(CNN) – A top Republican and Democrat on the House Intelligence Committee took issue Sunday with a report from The New York Times that states al Qaeda was not involved in the deadly 2012 attack against a U.S. compound in Benghazi, Libya.
The Times' investigation "turned up no evidence that Al Qaeda or other international terrorist groups had any role in the assault," according to the report. "The attack was led, instead, by fighters who had benefited directly from NATO's extensive air power and logistics support during the uprising against Colonel Qaddafi."
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It's a conclusion that CNN has also drawn in its previous reporting.
The New York Times story stands in contrast to what some lawmakers, many of them Republicans, and administration officials have said about the attack.
Rep. Mike Rogers, House Intelligence Committee chairman, said Sunday that intelligence has traced the Benghazi attack to al Qaeda.
"There was aspiration to conduct an attack by al Qaeda and their affiliates in Libya, we know that," Rogers said on "Fox News Sunday." "The individuals on the ground talked about a planned tactical movement on the compound."
At issue is the Islamist militia Ansar al Sharia, which is believed to have been one of the militias involved in the attack. There do not appear to be organizational links between Ansar al Sharia and al Qaeda, but there is solidarity. Rogers said Ansar al Sharia is not as independent as it says it is.
"Do they have difference of opinion with al Qaeda core? Yes. Do they have affiliations with al Qaeda core? Definitely," said Rogers, a Republican from Michigan.
When Rogers says "Al Qaeda core," he's referring to the al Qaeda created by Osama bin Laden and the group behind major terrorist attacks in the past two decades, including the 9/11 attacks in the United States. Other al Qaeda affiliates have formed across the Middle East, including al Qaeda in the Islamic Maghreb located in Northern Africa and al Qaeda in the Arabian Peninsula.
Gen. Michael Hayden, a former CIA director and former NSA director, described in an interview with CNN the al Qaeda movement as having three layers: "Al Qaeda main, affiliates and the like-minded." He added that he long suspected the Benghazi attack was orchestrated by the "highly like-minded" or those low in the affiliates.
The New York Times report states that other individuals involved in the Benghazi attack do not appear to be connected with al Qaeda, either.
Rep. Adam Schiff, a member of the House Intelligence Committee, agreed with Rogers that intelligence indicates al Qaeda was involved but not entirely behind the operation.
"But there were also plenty of people and militias that were unaffiliated with al Qaeda that were involved. I think the intelligence makes a portrait that some people came to murder, some came to destroy property, some merely came to loot, some came in part motivated by those videos. It's a complex picture," Schiff, a Democrat from California, said on "Fox News Sunday."
"There was some planning, as Mike points out, but it was not extensive," he continued. "I don't think it's either accurate to characterize this as a long-term, pre-planned core al Qaeda operation or something completely unaffiliated."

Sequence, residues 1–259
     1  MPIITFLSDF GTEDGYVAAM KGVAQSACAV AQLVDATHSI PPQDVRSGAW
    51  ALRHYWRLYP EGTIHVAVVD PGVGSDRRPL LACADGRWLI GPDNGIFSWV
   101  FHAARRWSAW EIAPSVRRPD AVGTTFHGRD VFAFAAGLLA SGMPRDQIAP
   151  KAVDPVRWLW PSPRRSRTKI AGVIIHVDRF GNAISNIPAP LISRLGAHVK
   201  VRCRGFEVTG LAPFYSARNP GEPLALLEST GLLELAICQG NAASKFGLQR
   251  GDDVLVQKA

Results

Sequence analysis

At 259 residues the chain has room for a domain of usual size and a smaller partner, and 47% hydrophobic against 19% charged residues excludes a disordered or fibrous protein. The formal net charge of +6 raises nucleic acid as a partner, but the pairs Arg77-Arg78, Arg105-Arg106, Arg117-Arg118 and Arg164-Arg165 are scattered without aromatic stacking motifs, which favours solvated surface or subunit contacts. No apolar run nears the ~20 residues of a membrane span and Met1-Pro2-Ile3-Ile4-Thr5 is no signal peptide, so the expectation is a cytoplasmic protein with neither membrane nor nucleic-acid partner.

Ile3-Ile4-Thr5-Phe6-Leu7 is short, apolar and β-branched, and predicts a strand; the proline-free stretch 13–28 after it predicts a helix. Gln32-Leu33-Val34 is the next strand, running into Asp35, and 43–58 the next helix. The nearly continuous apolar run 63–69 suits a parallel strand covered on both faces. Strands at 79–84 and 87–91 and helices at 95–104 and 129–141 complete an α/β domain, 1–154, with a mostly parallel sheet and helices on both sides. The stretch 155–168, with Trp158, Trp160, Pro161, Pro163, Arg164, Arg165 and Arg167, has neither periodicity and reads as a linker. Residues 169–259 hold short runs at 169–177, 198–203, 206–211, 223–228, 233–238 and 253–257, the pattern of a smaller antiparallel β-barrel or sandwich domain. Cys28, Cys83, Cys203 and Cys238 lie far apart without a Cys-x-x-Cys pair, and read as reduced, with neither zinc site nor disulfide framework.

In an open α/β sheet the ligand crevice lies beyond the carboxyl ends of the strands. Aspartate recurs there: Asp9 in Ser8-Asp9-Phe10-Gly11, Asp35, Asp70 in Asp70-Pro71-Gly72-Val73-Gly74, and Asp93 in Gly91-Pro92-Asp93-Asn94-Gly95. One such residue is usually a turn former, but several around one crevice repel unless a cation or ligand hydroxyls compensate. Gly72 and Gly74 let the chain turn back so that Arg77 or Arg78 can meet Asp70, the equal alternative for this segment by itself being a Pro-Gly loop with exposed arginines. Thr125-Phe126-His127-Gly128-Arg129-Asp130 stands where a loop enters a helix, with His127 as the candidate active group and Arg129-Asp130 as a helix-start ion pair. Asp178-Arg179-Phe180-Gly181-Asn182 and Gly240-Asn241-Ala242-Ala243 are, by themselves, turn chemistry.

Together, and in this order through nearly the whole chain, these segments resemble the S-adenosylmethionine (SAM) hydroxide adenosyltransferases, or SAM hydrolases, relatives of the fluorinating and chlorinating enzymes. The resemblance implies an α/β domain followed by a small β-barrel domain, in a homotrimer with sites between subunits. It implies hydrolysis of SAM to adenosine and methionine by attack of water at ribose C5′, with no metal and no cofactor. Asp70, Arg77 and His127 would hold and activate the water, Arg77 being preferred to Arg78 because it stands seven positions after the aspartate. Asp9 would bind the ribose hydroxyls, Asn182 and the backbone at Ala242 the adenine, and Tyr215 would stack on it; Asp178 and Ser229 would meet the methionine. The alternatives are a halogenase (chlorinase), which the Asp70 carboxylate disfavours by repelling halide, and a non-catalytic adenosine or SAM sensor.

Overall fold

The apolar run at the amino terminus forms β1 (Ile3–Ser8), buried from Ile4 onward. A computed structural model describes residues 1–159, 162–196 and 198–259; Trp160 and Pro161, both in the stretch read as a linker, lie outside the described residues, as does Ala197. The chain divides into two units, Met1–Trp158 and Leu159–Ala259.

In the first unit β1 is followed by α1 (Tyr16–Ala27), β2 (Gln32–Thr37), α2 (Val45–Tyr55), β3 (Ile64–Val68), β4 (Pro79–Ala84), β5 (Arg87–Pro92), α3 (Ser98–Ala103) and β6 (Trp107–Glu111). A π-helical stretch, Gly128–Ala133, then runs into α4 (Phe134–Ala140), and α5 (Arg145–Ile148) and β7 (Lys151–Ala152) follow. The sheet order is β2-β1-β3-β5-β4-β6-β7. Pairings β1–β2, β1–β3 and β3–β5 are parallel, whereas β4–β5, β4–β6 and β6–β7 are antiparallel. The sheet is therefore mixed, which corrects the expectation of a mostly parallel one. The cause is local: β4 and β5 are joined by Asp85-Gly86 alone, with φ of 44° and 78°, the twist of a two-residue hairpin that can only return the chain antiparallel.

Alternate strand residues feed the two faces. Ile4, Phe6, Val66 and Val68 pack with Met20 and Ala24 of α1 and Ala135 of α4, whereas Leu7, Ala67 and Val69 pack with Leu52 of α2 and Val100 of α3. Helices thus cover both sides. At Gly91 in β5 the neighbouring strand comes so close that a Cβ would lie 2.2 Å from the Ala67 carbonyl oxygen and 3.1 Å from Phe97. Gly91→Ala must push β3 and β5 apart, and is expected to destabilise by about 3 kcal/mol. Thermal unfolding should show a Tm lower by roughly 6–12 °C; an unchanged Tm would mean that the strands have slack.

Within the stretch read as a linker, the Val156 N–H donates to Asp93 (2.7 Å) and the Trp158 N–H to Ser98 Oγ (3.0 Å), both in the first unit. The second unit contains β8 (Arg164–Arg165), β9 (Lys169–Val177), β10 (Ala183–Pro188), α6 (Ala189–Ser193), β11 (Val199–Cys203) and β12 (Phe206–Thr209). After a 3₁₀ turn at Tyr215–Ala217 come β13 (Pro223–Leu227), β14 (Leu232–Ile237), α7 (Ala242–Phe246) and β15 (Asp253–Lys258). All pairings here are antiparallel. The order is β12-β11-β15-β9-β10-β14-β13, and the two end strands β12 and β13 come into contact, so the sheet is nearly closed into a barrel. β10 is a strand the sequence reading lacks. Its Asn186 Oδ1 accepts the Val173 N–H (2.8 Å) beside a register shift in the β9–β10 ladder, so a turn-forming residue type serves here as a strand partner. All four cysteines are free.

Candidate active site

The report also stated that the attack "was fueled in large part by anger at an American-made video denigrating Islam."
At first glance, that information seems to line up with statements first made by the Obama administration that the assault came from a spontaneous protest spurred by outrage over the video. Then-U.S. Ambassador to the United Nations Susan Rice made those statements based on talking points from the administration just days after the attacks.
Intelligence officials and the administration, however, later classified the event as a planned terrorist attack.
Congressional Republicans have hammered the administration for misleading the public about the origin of the event.
And while the New York Times report says anger over the video was part of the motivation for the attack, the reporter, David Kirkpatrick, said Sunday on "Meet the Press" that the administration was still misleading in its initial statements because the attack was "not a street protest," nor a "copycat" of an anti-video protest in Cairo just hours before the attack in Libya, as the administration first claimed.
"This was a group of armed-men who, inspired by a video, deliberately attacked a compound," Kirkpatrick said.
Rep. Darrell Issa, chairman of the House oversight committee, has been a leading voice in the Congressional Republican-led charge against the administration over the Benghazi attack, especially over the initial statements.
"The American people were effectively lied to for a period of about a month," he said in May on "Meet the Press." "This was a terrorist attack from the get-go. It was never about a video."
Asked Sunday if he was wrong about the video, Issa said the public was still "effectively lied to." He pointed to Kirkpatrick's remarks that the administration's characterization of the attack as a spontaneous protest triggered by the video was still inaccurate.
"The statements made by Ambassador Susan Rice were not true then and they are not true now," he told reporters Sunday morning after appearing on "Meet the Press."
- CNN's Sunlen Serfaty, Mark Morgenstein, Tara Kangerlou, and Chelsea J. Carter contributed to this report.